Once an individual has lost their idealism which they once craved to a lacking of truth to society, they suffer a loss of purpose, one that may only be healed by the invention of a newer ideal to replace the lost – a new aspiration that one may pursue, so as to forget their own earlier failures. Victor would find his saviour in the form of his idealistic life with Elizabeth, the one whom he had devoted his heart towards, as well as the one who, “till death, she [Elizabeth] was to be mine [Victor’s] only” (Shelley 18). This ideal is threatened by The Monster, who had vowed with Victor to be with him on his wedding night, a vow that was viewed as a direct threat by Victor; still, however, Victor found himself incapable of telling the truth to Elizabeth. His reason for doing so – and uncharacteristically so, as his earlier version of himself would have been much more cautious– was because Victor’s only fear of The Monster’s wrath was toward himself; he did not ever stop to think of Elizabeth. In spite of thinking of his quixotic life with Elizabeth, Victor’s idealism was drowned in his own selfishness. This inability to escape his own self-preservation dominated thoughts speak to the deplorable selfish characteristic of individuals who relentlessly pursue ideals that have been lost to them, as by regaining their ideals, they are able to regain a sense of purpose and ground their identity. Individuals who tread such paths are often led to – ironically – a loss of the very idealism their minds are absorbed in. Such is due to their refusal to acknowledge their reality, as reality is what would allow for the rebirth of their ideals. This irony emphasizes the importance in maintaining one’s ideals, and that maintenance is supported by the existence of truth; idealism provides purpose, and as such, an unnatural fulfilment of that purpose would only lead to a lack of purpose, for there would be no purpose for the individual after they achieve their perceived purpose. Victor is not entirely honest with Elizabeth, and his love for Elizabeth is more akin to his possessive nature than it is to a pact between lovers. This lack of true love symbolizes a lack of truth in the relationship of Victor and Elizabeth, and this lack of truth is able to -once again- cause a collapse of idealism when The Monster, true to his word, murders Elizabeth on the night of her wedding with Victor. Individuals who have lost purpose through a loss of idealism, are able to come to an understanding of truth, and by extension, are able to understand the reason for their downfall; yet despite this understanding, the individual who has lost their sense of purpose have also inadvertently lost their sense of identity. With a loss of identity, the individual is left wildly clinging to any sort of purpose they may pursue, in an effort to preserve the remnants of their identity; for Victor Frankenstein, this purpose was the destruction of his own creation. Victor relentlessly pursued The Monster, taking on a fierce disposition, enduring harsh climates and rough terrain, yet never faltering in his passion for pursuing The Monster. The acceptance of responsibility, and by extension, acceptance of reality, will allow an individual to regain their lost purpose; however, those who have suffered a complete loss of identity will only ever ferociously pursue their sole purpose with an unmatched intensity.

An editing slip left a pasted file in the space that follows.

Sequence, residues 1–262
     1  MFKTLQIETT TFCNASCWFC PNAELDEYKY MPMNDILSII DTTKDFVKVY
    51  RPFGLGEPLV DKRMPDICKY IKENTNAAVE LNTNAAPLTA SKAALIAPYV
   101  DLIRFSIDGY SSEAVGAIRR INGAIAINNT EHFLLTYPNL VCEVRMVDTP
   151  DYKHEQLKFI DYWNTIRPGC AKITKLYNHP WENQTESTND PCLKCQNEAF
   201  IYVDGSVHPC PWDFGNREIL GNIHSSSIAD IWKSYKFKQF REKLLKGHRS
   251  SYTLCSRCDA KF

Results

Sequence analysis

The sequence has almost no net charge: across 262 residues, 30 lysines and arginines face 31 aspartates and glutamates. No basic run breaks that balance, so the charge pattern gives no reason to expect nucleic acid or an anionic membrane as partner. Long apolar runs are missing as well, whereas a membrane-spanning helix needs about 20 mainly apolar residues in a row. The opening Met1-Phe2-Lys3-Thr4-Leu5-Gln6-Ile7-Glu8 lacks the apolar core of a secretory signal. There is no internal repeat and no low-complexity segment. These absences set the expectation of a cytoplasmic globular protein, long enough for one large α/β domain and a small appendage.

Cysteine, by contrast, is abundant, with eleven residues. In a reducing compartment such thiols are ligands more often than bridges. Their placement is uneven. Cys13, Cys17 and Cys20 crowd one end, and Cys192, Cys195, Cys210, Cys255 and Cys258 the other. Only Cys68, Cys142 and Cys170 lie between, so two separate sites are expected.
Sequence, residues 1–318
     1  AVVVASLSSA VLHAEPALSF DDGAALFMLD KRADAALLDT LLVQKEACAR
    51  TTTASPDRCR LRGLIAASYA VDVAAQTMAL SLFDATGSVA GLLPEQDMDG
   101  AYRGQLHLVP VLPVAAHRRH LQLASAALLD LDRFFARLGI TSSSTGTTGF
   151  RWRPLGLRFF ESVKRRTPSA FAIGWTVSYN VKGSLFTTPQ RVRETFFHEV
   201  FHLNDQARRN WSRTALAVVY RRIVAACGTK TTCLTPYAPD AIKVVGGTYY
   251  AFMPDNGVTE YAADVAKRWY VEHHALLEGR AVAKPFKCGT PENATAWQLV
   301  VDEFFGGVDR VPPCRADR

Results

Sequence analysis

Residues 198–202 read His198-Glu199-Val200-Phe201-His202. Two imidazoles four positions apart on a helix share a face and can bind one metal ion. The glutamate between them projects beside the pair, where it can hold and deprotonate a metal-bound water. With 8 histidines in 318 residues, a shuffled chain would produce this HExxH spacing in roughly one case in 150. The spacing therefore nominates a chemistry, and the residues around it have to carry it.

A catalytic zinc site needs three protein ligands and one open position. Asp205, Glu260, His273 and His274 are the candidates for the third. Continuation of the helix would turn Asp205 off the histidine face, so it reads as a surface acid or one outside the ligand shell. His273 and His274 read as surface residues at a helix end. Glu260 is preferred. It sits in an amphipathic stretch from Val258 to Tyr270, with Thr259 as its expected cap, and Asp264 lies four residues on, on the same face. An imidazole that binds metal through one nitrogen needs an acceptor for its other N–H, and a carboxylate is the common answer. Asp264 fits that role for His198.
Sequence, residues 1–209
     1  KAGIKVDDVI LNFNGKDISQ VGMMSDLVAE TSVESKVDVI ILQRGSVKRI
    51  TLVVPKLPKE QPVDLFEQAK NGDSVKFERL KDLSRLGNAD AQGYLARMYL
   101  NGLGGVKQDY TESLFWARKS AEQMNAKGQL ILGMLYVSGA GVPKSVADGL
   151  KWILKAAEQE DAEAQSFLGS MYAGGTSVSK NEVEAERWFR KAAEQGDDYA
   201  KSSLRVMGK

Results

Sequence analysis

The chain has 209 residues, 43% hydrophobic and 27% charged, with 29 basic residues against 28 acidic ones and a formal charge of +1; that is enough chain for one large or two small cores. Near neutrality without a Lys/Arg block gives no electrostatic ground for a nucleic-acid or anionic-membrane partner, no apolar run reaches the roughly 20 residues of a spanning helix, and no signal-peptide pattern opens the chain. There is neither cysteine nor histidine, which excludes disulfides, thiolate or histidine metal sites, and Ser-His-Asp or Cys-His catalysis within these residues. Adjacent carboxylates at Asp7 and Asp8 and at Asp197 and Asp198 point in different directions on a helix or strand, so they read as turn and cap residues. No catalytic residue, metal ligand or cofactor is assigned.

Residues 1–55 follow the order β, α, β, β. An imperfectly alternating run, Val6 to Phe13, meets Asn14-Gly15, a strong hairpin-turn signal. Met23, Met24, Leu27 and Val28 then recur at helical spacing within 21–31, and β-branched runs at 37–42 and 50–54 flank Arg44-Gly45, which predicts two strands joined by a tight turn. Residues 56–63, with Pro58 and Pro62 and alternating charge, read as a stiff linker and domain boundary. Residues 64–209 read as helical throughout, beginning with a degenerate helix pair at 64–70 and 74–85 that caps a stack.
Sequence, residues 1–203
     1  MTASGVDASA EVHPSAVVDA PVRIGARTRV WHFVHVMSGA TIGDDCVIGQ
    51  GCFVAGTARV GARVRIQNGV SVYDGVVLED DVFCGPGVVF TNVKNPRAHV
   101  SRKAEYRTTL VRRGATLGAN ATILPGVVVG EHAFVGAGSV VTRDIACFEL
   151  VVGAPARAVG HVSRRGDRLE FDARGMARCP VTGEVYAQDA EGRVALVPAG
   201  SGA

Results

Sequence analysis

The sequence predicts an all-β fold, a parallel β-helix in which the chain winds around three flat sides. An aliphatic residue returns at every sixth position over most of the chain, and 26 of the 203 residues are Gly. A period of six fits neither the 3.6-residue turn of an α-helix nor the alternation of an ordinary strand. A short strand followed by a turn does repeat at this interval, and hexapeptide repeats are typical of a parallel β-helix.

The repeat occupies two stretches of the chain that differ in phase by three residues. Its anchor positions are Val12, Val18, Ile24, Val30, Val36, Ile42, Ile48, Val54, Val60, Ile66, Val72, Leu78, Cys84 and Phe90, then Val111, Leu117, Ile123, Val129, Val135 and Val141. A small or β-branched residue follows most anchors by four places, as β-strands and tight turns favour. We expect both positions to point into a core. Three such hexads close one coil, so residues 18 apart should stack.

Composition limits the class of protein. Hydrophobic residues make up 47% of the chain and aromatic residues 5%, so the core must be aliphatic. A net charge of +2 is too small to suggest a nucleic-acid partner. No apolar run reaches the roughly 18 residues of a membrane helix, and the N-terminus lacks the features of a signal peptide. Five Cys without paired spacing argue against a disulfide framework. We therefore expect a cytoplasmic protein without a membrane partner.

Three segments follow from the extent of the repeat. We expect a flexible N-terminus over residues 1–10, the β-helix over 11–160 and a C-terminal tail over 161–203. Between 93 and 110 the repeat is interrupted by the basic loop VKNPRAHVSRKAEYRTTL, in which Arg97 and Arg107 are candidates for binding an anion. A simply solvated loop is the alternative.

The purpose of an individual is directly intertwined with their idealistic beliefs, which are kept in check by the existence of truth in the individual’s life. For Victor, his idealism lay in his ventures to master the philosophy of life and death, yet truth bound such a philosophy to only ever be in control of an omnipotent power. Victor’s lack of truth made him oblivious to the hideousness of his creation, and so his ideals crumbled. The lack of ideals would lead to a lack of purpose in Victor, which resulted in Victor’s deteriorating identity; his only chance at redemption, his marriage to Elizabeth, was foiled by his very creation due to Victor being oblivious to the threats of The Monster. With his identity all but vanquished, Victor finds a simplistic purpose in the execution of The Monster, thereby finally accepting reality. People must always be able to find a balance between idealism and truth, as both depend upon one another in their coexistence. Often, dreamers indulge in idealism, for that is easiest. However, doing so only results in the ultimate loss of oneself, as truth holds great importance in the life. Truth ties individuals to reality. In absence of that truth, the individual’s dream becomes an ideal doomed to bring failure: hollow idealism.